I think you should be examining Fig b2 which provides the values for the decadal increments of forcing - for the 1980s CO2 0.08, CH4 0.03 & CFC11&12 0.2. Thus, back-of-fag-packet, the 2010s CO2-above-ScenarioB of +0.5ppm/y equates to a third of the 1980s annual increase or 0.027 of the 0.8 from figb2. If you venture to examine the NOAA AGGI numbers, you'll find CFC11&12 today remain at 1990 values and the CH4 increase post-2010 is a third the 1980s increase suggesting forcing below ScenarioB of -0.2 & -⅔ of 0.3 = -0.4. So by that reckoning, the additional 26% CO2 forcing would sit below the lost CFC & CH4 forcing, not "ABOVE".

    Or a simpler analysis using just AGGI, the missing CO2 forcing 2010-on would be 20.6% of the additional CO2 forcing = +0.065Wm^-2, or perhaps double that for all three of the three post-1990 decades combined. The CH4/CFC11&12 forcing through the 1980s was +0.126Wm^-2 which would continue at or above that value for the following 3 decades in Scenario3, so totaling +0.378Wm^-2. But the actual forcing is given over this period 1990-2019 as +0.056Wm^-2 so relative to ScenarioB forcing that is -0.322Wm^-2 from CH4/CFC11&12 and with the extra CO2 forcing included yielding (-0.322 + 2x0.065 = ) -0.192Wm^-2. It works out again with less forcing, not "ABOVE".

  8. MA Rodger @57 I think you are making a mistake but I cannot blame you. I was taking for granted some of the things claimed in the main article but I have done some calculations and it happens that they were not true!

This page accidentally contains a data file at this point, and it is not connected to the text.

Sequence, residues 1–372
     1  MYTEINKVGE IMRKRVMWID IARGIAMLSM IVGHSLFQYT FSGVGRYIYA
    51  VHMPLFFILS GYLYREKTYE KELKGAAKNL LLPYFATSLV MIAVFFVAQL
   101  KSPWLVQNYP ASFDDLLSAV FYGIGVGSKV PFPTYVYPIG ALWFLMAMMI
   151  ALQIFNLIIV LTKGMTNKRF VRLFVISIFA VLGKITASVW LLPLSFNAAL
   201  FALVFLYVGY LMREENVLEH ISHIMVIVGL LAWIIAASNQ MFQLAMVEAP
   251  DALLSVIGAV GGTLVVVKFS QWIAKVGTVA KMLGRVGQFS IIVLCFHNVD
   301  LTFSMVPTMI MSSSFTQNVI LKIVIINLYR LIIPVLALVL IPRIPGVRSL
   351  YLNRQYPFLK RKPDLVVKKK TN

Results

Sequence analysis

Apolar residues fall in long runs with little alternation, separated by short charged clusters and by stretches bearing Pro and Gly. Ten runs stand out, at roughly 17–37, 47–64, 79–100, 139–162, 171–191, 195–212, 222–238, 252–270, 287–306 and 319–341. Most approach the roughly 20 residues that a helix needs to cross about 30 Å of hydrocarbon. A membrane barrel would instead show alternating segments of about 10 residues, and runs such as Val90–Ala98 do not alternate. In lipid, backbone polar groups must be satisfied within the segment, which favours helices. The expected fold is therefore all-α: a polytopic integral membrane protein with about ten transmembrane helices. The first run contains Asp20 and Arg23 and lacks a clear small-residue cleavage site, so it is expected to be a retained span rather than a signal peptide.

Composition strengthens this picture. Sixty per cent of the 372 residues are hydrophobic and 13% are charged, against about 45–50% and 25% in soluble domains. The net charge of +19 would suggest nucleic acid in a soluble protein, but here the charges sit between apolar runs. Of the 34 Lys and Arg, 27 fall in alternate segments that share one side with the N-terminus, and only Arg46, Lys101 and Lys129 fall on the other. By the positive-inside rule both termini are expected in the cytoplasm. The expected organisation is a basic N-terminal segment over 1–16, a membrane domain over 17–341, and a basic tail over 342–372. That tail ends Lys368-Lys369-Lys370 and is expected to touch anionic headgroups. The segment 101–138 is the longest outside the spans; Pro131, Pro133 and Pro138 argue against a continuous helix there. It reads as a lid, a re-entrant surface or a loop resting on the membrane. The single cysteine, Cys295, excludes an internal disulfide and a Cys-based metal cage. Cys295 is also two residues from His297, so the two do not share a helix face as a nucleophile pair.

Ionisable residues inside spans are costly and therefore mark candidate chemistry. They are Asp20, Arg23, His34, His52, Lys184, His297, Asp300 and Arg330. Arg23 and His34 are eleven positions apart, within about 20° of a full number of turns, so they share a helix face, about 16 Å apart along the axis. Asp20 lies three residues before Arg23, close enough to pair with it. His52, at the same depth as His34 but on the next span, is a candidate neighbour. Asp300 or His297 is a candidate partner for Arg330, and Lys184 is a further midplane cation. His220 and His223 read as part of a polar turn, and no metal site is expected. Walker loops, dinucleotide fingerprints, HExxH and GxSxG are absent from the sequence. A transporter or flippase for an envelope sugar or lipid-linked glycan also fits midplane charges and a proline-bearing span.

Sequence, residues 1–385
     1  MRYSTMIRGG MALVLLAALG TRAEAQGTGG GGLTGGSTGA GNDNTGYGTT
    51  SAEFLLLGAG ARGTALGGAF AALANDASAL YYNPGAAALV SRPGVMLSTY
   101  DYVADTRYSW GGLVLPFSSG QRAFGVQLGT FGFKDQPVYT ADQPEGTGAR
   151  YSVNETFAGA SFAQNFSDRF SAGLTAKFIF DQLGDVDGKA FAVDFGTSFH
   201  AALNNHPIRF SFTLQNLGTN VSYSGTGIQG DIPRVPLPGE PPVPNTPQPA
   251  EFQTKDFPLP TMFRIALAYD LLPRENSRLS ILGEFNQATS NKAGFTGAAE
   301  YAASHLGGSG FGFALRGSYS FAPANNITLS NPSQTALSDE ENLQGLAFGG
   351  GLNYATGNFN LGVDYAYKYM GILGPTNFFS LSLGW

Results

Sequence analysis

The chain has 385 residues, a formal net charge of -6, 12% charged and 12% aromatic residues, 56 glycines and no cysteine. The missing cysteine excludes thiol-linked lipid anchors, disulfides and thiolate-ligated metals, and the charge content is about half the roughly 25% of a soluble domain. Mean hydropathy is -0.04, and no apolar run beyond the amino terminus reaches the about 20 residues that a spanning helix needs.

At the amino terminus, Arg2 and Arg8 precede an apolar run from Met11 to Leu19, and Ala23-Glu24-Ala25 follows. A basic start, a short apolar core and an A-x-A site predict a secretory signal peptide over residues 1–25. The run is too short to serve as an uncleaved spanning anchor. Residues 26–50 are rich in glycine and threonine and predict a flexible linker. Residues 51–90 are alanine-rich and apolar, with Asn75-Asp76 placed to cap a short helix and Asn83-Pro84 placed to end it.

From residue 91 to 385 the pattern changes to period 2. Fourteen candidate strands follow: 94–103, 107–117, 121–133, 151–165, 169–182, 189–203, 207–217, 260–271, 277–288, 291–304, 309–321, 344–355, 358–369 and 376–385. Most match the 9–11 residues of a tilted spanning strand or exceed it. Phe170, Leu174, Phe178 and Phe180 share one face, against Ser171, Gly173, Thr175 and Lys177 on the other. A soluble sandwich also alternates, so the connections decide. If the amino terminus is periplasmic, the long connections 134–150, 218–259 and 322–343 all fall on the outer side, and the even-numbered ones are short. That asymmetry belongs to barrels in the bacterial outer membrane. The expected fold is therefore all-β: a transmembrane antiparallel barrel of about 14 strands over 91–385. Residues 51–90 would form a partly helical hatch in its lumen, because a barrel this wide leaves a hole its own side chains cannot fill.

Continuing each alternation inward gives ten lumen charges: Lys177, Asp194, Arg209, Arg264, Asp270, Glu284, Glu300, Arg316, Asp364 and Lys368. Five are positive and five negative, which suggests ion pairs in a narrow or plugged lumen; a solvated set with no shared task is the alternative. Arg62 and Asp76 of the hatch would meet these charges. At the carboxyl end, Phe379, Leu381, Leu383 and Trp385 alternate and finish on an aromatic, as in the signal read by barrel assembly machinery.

This is how Hansen describes the evolution of the CH4 increases in Scenario A, the one with the most emissions, I copy literally:

    "CH4, based on estimates given by Lacis et Al. [1981], increases from 1.4ppbv in 1958 at a rate of 0.6% yr-1 until 1970, 1% yr-1 in the 1970s, and 1.5% yr-1 thereafter".

    By this description, if you do the calculations, the yearly increase by 1970 would be 1.5ppbv, then 1.66ppbv by 1980... etc (continue to multiply by 1.015 each year) until 3.01ppbv per year today, in 2020. This is, I repeat, the evolution of CH4 concentrations in Scenario A. The reality, what the data shows, is that today's CH4 concentrations are increasing by more than 5ppbv per year, every year in the last decade, and some years almost 10ppbv, averaging +8ppbv per year. My data comes from here, if you have different data feel free to share:

    https://www.methanelevels.org/

    Now, I don't know what is the starting methane concentration that Hansen is using. I highly doubt that he is using the concentration in 1958 because we already knew by 1988 that the progression in the methane levels of the model would have been completely wrong. But no matter what his starting concentration is, he would get a total increase of +70ppbv in the 30 years following 1988. And what we have witnessed is more than twice that ammount. More than twice the methane increase of Scenario A. Therefore not only do we have a worse increase in CO2 than Scenario A, we also have a twice as bad increase of Methane than Scenario A. And they are the main contributors according to Fig b2. The only one that is lower than expected by Hansen is CFCs.